• FZD4
  • LRP5
  • NDP
  • TSPAN12
Vitelliform Dystrophy (17)
  • It is a genetic form of macular degeneration which causes progressive vision loss.
  • BEST1
  • PRPH2
  • VMD2
  • TU15B
Optic Atrophy (18)
  • It is characterised by the death of the retinal ganglion cell axons caused by different pathologies.
  • OPA1

Due to the sharing of genetic material from the common ancestor, the marriages between uncle, niece and first cousins result in genetic disorders in the offspring.

Table 2: How consanguinity results in hereditary diseases (19)

Relationship Average percentage of DNA shared
Parents to children 50
Brothers and sisters 50
Uncle and niece 25
First cousins 12.5

Genetic counselling and its importance

Genetic counselling is counselling a patient regarding genetics, risk factors and diseases caused by consanguinity. (20) It involves obtaining the family and medical history from the patient and referring the clinician and reviewing the medical records of the patient and family members. There are separate centres available for genetic counselling on consanguinity. Genetic counselling is critical and must be performed in a sensitive, caring, and sensible manner. The consanguineous couples must be referred to well before conception, especially when there is a family history of possible autosomal recessive conditions. They should be made to understand that nobody chooses to deliberately pass an illness to their offspring, and no one is to be blamed.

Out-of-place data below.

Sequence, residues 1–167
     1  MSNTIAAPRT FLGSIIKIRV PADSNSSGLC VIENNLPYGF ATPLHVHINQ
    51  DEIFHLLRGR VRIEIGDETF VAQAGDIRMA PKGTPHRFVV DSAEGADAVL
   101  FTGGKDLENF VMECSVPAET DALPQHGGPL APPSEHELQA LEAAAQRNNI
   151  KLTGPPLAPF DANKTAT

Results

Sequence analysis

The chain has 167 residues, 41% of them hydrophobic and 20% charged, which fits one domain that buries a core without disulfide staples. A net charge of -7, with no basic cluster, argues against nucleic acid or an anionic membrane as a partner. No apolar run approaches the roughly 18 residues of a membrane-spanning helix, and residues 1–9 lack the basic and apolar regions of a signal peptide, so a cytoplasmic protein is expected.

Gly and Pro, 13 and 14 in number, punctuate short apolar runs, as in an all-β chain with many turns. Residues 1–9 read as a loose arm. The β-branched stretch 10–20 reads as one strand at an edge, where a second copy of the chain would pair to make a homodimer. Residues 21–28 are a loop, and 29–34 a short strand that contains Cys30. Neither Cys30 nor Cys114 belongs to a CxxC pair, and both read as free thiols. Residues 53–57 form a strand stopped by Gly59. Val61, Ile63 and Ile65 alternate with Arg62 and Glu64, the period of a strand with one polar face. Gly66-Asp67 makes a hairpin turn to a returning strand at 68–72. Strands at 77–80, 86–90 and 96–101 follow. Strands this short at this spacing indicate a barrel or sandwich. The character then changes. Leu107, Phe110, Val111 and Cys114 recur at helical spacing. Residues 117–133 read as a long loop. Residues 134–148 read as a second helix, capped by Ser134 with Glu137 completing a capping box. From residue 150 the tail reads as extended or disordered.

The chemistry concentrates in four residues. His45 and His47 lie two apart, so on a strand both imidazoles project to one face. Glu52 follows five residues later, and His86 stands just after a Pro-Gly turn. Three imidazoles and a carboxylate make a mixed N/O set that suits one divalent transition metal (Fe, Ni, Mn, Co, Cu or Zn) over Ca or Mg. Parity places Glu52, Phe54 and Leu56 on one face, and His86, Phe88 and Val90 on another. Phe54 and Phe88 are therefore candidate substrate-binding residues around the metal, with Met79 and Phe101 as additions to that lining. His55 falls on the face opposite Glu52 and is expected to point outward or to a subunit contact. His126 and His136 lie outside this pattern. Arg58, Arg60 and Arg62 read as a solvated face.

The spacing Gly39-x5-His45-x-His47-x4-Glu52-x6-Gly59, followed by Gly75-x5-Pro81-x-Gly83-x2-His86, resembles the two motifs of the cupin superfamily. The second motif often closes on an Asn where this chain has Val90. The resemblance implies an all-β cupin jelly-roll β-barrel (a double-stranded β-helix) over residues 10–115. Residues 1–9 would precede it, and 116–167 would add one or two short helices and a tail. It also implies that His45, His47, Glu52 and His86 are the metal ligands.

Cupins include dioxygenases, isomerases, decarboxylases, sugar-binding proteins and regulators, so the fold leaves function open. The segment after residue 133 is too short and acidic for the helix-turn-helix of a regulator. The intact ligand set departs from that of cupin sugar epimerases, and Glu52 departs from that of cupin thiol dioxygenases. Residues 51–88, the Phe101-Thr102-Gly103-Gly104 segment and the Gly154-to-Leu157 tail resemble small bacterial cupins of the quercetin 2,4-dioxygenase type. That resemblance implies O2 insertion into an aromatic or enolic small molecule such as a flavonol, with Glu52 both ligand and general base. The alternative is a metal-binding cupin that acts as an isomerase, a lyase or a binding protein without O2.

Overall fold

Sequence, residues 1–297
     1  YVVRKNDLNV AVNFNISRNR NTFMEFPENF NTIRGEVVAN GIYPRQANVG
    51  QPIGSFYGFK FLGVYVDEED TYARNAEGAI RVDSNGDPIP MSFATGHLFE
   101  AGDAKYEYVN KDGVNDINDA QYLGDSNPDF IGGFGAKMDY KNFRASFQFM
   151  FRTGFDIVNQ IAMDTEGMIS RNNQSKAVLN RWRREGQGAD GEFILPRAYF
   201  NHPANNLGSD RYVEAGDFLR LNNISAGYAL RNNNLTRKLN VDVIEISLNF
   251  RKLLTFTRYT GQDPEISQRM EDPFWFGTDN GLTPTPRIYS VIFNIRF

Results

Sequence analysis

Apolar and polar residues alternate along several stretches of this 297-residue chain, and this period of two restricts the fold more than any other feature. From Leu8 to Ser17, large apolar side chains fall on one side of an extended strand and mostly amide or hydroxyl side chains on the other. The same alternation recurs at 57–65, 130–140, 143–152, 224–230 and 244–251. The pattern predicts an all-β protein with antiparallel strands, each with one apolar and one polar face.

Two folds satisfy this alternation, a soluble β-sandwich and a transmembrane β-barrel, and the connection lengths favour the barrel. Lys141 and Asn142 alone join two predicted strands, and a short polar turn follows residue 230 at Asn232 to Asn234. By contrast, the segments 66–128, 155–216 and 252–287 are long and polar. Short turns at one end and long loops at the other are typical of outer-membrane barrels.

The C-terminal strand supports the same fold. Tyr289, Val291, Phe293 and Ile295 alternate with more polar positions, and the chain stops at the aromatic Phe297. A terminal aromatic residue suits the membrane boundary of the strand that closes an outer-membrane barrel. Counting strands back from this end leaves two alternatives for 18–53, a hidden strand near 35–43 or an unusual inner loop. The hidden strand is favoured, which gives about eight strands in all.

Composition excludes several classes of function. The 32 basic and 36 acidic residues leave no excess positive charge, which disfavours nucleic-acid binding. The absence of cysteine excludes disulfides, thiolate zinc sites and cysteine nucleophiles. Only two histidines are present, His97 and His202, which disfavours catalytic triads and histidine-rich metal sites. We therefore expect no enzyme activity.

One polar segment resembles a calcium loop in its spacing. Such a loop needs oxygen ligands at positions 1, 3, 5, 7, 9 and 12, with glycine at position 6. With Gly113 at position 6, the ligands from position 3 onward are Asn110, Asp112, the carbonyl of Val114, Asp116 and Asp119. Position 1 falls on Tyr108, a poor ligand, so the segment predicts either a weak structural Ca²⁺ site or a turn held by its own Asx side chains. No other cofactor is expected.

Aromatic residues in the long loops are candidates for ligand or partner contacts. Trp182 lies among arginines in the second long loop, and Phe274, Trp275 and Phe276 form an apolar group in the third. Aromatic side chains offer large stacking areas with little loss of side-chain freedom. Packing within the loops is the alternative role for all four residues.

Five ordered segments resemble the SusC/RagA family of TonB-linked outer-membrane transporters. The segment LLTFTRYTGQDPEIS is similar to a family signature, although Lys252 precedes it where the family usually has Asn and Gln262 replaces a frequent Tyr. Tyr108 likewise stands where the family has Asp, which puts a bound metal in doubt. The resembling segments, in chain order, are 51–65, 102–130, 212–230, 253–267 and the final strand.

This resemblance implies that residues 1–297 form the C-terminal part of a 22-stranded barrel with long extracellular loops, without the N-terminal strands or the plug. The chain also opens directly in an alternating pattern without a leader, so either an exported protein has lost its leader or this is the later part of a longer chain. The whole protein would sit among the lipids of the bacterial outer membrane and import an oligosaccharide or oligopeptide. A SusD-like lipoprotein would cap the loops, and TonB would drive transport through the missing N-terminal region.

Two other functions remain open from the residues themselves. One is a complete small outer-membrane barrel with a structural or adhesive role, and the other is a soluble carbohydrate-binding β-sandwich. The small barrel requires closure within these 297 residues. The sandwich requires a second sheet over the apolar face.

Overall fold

Goals of genetic counselling for consanguineous couples and their offspring

  • Providing preconception reproductive options
  • Improving pregnancy outcomes
  • Reducing morbidity and mortality
  • Knowledge about screening the new-borns.


Consanguinity is a common trend still followed in many countries. Thus, genetic counselling and Genetic Screening play an important role to control hereditary disorders. Parents especially those lacking formal education should get more awareness of consanguinity.


Health is wealth
Instead of creating a wealthy environment
We can create a diseases free environment for our future generation



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  20. Hamamy H. (2012). Consanguineous marriages: Preconception consultation in primary health care settings. Journal of community genetics, 3(3), 185–192. https://doi.org/10.1007/s12687-011-0072-y